Joel Potrykus: Thanks, Jourdan. Oak Cliff picked a winner to set the mood for Relaxer. Fill everyone up with thoughts of nachos, just before we blast it out of them, all over the floor.
Adam J. Minnick: Yeah, that was our third time playing Oak Cliff and I can’t think of a better match for our static shot, food-obsessed vibe.
NFS: Regarding that opening sequence with Abbie (Joshua Burge) and Cam (David Dastmalchain) and the initial Pac-Man challenge introduction, how long did it take you all to rehearse and get it coordinated on set? And then how many takes did you ultimately need?
JP: That shot is broken up in the film cut, but untouched it's a 22 minute take. We gave the actors very little marks to hit. Josh just needed to stay on the couch. And Dave had a limited space to move. After that long 180 pan, the camera stays on Josh mostly the entire time, so Dave was free to come and go into the frame. Josh and I rehearsed that scene to death long before filming. So once we got on set, the dialogue was in place. Adam's great with framing on the fly, so we ran through it a few times with the actors off set, then once or twice on set. We ran maybe five or six takes before we got it.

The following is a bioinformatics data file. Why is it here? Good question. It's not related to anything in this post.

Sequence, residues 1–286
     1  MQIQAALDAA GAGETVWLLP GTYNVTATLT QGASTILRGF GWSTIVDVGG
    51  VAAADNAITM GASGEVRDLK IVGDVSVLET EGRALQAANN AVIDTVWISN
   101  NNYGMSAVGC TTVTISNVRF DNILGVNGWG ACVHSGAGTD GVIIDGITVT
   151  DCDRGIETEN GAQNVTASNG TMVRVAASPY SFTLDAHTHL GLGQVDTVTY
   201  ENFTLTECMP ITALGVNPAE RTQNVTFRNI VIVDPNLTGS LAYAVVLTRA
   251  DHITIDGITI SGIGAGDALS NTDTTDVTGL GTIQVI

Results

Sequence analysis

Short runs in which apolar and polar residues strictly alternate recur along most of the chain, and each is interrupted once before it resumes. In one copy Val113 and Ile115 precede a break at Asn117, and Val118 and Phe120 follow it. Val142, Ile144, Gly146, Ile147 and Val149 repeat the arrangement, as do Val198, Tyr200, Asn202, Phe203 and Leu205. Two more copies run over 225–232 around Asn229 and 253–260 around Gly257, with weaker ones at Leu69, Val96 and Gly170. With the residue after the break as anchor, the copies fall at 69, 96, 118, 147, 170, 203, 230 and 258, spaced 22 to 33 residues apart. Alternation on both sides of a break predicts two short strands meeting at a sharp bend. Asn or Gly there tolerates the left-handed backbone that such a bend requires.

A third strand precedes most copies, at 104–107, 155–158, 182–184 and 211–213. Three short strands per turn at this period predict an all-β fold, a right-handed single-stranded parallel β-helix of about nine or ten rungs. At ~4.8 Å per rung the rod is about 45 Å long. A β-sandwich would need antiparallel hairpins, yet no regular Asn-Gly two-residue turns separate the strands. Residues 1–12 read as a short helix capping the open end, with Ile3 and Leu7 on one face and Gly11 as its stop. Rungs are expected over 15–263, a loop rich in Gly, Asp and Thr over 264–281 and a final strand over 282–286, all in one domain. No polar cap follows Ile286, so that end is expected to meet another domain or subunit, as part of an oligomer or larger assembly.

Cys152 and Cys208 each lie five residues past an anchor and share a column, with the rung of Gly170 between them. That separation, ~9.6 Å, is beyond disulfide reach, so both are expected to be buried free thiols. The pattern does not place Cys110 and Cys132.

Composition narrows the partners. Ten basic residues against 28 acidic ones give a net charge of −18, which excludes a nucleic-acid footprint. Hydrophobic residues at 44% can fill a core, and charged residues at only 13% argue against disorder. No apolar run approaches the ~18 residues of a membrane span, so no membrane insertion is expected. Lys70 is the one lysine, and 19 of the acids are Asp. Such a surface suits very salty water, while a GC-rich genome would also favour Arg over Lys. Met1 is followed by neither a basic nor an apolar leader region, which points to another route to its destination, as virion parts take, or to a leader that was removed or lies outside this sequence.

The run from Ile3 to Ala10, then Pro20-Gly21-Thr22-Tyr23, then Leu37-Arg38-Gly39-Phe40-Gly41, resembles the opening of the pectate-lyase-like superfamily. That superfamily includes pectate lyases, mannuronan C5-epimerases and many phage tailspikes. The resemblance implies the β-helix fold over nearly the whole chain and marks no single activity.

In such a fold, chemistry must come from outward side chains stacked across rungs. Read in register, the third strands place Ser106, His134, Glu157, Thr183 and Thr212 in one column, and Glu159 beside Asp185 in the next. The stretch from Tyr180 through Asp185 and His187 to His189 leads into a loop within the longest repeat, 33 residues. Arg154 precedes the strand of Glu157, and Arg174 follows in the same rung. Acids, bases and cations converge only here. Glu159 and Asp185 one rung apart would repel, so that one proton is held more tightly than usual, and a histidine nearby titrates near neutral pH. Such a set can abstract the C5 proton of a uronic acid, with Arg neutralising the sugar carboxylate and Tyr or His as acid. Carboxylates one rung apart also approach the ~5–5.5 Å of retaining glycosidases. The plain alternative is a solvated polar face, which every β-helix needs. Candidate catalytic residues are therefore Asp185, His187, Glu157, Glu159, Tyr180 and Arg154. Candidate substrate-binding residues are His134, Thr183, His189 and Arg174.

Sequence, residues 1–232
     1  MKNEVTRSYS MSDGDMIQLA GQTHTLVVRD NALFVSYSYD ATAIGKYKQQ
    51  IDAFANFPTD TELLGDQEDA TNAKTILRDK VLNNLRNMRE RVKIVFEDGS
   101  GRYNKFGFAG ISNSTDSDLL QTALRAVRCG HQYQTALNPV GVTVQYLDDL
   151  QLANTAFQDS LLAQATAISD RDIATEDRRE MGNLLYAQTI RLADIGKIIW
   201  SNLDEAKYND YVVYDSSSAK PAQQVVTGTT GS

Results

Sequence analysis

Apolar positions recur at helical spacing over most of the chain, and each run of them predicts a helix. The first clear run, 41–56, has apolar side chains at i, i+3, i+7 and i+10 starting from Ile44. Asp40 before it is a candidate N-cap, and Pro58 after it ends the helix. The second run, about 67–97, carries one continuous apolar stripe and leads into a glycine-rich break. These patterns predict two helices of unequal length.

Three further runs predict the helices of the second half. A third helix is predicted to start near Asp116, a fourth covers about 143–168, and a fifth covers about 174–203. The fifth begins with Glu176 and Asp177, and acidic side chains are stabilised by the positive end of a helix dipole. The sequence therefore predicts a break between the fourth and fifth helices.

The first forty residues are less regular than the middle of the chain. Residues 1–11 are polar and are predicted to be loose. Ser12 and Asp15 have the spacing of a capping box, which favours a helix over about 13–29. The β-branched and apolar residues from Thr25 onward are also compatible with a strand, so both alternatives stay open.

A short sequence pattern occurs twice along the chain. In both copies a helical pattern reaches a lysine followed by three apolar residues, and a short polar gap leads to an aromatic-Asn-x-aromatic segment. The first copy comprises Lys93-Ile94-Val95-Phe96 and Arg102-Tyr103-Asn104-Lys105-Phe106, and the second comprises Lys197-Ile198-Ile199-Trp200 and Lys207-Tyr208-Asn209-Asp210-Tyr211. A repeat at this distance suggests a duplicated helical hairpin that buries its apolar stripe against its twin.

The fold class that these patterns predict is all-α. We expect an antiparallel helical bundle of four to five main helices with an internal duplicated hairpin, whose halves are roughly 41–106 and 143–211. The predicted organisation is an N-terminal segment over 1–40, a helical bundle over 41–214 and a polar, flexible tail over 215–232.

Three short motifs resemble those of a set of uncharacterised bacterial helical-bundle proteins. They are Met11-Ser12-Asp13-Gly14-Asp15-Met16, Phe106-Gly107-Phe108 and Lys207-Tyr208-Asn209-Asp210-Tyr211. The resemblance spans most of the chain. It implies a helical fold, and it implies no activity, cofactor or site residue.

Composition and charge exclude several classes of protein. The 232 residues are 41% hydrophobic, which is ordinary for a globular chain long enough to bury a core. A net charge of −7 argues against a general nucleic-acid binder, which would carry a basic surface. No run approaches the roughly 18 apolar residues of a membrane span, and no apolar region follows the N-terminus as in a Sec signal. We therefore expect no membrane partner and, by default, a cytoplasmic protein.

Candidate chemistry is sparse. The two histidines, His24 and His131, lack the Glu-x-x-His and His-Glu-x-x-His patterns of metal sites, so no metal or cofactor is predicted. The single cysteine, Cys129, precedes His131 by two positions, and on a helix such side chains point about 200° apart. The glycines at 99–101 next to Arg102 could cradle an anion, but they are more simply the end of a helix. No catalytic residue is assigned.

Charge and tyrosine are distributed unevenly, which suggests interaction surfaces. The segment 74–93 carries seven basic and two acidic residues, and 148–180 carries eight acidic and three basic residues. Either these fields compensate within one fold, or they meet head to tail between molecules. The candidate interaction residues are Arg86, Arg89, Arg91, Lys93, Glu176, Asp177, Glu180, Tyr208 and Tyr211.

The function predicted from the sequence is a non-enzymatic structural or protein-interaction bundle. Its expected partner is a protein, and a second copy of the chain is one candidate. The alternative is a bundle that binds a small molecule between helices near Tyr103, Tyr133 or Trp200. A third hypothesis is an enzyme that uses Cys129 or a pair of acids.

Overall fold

AJM: When we got the 22-minute oner we knew was right, Joel jumped onto set cheering from out from behind the wall in video village. It was the moment I knew that this was gonna be our favorite thing we’ve made together. Everyone was kind of firing on all cylinders on this shoot, and it felt like a big part of it was out of the way.
NFS: Throughout your films, there definitely seems to several instances where we’re left with a character consuming an impressive amount of food or liquid in one long continuous take. (The spaghetti scene from BUZZARD and the cola chugging scene in THE ALCHEMIST COOKBOOK come to mind.) Obviously, I’m a fan, but what’s your thought process in writing - and eventually filming - these shots?